The Romeo 5 has been around a while. It has caused loyal buyers from other brands to jump ship just because of its MOTAC feature.
But what else is there to the Romeo that isn’t overshadowed by MOTAC?
Is it any good as a functional RDS considering its budget price tag?
The Sig Sauer Romeo 5 has MOTAC, NV compatible settings, a very low-profile LED emitter, and two mounts. It has a 2 MOA dot, 0.5 MOA adjustments, and clear glass. It has the performance of an upper entry-level RDS and has the reputation that makes it a contemporary RDS today.
It’s super popular and there’s no way that it can be ignored if one were to gather a shortlist of the best red dot sights on a budget.
So, Target Tamers bought it, tested it, and have reported the details below in our Sig Romeo 5 review.
My Sig Sauer Romeo 5 Review
What I Like: MOTAC
What I Don’t Like: Non-adjustable MOTAC
Best Uses: CQB, Close to Mid-Range, Tactical, Small Caliber Rifles, Heavy Recoil, MOTAC
- Magnification: 1x
- Coatings: FMC
- Eye Relief: Unlimited
- Reticle: 2 MOA dot
- Adjustments: 0.5 MOA
- Battery Life: 40,000+ hrs
- Dimensions: 2.4 x 1.5 x 1.5” / 5.1 oz
- Mount: Low profile & 1.41” riser
My Verdict: The Sig Sauer Romeo 5 is quality optic that should be considered a high-end model for the entry-level market. With a few, standout features and dependable performance, it’s a red dot sight that appeals to all skill levels and tight budgets.
Who is the Sig Sauer Romeo 5 1x20 Best Suited to?
The Sig Sauer Romeo 5 is best suited to budgets under $150. Its most attractive feature, MOTAC, is the primary aspect that many will gravitate towards as it is not often seen in affordable red dot sights.
Those who want to try their hand at having motion sensor technology in their red dot sight will look to the Romeo 5, such as those looking to mount one to a duty rifle or SHTF and home defense rifle.
However, due to its two-minute dot deactivation, it may not serve hunting applications appropriately.
How Does the Sig Sauer Romeo 5 1x20 Perform?
Overall, the Sig Sauer Romeo 5 is affordable and accurate. It holds zero, has a rugged, tough build, and is incredibly easy to use. In the field, the Romeo 5 remained bright, proved to be impervious to water, and the MOTAC is highly sensitive.
I spent a lot of time with the Romeo 5, as I have done with other red dot sights at the range. I got on paper especially close to the bull’s-eye out of the box. I was impressed. I had assumed it had 1 MOA adjustments, but it indeed has 0.5 MOA clicks. I figured this out after another 3-shot group when it only adjusted halfway to what I had expected.
So, good tracking? I’d say excellent. My groups? Meh, needs some work.
However, few red dots have required me to wear corrective lenses to get a round dot. Unfortunately, the Romeo 5 counts among the few as I needed my glasses to zero in at the range. Though the dot was distorted, and my specs took care of that, it’s through no fault of the Romeo 5 that my vision is the way it is.
At the end of the day, the Sig is a reliable red dot that can be implemented in both urban and rural environments. Its MOTAC feature may not be attractive to the hunter, but it does appeal to many others for various reasons.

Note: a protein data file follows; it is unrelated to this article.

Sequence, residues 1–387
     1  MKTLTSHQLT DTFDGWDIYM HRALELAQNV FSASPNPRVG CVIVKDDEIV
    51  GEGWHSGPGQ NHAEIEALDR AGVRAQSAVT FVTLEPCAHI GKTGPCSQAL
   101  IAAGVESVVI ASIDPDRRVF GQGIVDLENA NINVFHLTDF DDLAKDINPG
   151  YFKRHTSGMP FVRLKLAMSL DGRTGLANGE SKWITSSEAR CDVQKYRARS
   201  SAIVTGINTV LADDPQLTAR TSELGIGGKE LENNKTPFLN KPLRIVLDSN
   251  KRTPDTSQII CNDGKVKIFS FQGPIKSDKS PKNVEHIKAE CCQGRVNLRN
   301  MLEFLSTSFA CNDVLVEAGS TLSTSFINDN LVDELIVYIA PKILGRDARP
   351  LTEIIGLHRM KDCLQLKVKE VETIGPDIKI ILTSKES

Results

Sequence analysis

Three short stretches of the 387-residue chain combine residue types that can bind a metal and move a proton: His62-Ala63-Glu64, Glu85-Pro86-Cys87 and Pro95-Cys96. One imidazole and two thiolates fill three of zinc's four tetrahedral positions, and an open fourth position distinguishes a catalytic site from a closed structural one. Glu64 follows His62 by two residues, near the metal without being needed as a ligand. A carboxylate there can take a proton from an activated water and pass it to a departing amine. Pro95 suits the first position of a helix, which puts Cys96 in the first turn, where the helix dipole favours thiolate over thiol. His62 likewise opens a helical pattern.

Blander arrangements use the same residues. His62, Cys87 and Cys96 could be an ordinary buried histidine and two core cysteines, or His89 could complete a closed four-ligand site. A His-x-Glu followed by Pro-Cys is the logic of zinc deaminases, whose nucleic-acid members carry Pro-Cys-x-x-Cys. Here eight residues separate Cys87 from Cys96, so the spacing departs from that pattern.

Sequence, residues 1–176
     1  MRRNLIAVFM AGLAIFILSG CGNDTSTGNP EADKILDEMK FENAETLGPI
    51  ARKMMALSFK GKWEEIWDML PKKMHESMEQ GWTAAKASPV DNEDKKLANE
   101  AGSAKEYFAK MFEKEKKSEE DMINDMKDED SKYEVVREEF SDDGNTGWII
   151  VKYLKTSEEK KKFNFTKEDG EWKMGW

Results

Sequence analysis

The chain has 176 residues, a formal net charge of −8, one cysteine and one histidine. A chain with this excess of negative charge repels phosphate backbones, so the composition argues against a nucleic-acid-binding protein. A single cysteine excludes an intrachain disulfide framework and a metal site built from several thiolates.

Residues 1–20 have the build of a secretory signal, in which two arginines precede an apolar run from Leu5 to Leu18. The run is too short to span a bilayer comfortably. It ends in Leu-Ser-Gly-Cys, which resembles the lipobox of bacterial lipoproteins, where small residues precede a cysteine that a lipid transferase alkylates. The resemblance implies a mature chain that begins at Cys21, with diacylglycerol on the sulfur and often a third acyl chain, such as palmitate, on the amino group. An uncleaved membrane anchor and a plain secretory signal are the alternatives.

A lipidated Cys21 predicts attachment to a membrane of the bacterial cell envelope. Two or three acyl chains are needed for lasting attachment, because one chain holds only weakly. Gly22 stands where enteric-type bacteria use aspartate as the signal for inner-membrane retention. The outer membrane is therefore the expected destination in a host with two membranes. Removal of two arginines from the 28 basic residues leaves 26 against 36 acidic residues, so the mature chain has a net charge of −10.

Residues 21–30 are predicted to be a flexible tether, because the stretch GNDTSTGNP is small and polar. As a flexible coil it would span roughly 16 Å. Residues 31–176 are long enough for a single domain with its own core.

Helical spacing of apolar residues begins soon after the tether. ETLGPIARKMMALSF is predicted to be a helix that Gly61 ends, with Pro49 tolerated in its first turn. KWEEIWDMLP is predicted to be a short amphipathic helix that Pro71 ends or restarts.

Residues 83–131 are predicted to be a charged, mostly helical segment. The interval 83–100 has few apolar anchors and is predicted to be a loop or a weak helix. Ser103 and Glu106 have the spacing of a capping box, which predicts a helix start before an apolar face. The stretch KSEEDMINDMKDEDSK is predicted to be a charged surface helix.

If you are interested in reading a head-to-head comparison of the Romeo 5 with another similarly priced red dot sight, check out our Vortex Crossfire Red Dot versus Romeo 5 article here.
Features & Benefits
MOTAC (Motion Activation) is Sig Sauer’s acronym for motion sensor technology in red dot sights. It activates upon sensing motion and deactivates when not in use. The Romeo 5 is a highly recognized red dot with this high-end feature and is one of the very few to offer it at a budget price point.
This feature is usually an asset for law enforcement and personal defense rifles. The timer is set to deactivate after 120 seconds (2 minutes) of non-motion. Though it certainly helps the 40,000+ hour battery runtime, it’s extremely sensitive. It turns on at the slightest vibration detected.
This is a benefit as it takes very little to activate the dot, but I found that it also turns on with vibrations felt through the floor. Every time someone walked into the room where the Romeo 5 was on a counter, it turned on.
Needless to say, it’s going to activate through all the bumps and movement while on a rifle hanger or in a patrol car, but that’s the point, right? It can’t discern what movement it senses as when you need it or when it’s unintentional. So, I’m not holding that against it.
Sig Sauer claims the Romeo 5 is fog-proof and waterproof that it can handle complete submersion for up to one meter. It has a IPX7 rating which corroborates this. It is made from aluminum, has audible, tactile turrets that adjust in 0.5 MOA clicks with caps that serve as the tool to adjust them.
Many torture tests have been performed online with the Sig Sauer Romeo 5 RDS. I didn’t feel the need to replicate those frozen iceblock or shotgun tests. Instead, I opted to take advantage of Monsoon season and replicate a likely, though still extreme, scenario of leaving the Romeo 5 to the mercy of a downpour. Being caught in or having to use our rifles in the rain is something more relatable.
Every surface and crevice of the Sig sight was drenched. Heavy and big droplets clung to the glass as the red dot was visible through the closed tube. I meant to only leave it out for 30 minutes, but I lost track of time, and it sat out for a solid 60 minutes in the unforgiving rain.
This was proof enough for me that it’ll hold up for almost anything I need to put it through.
The Sig Sauer Romeo 5 comes with two mounts in the box. The Romeo is preinstalled with a 1.41” riser mount that provides an absolute co-witness with AR sights.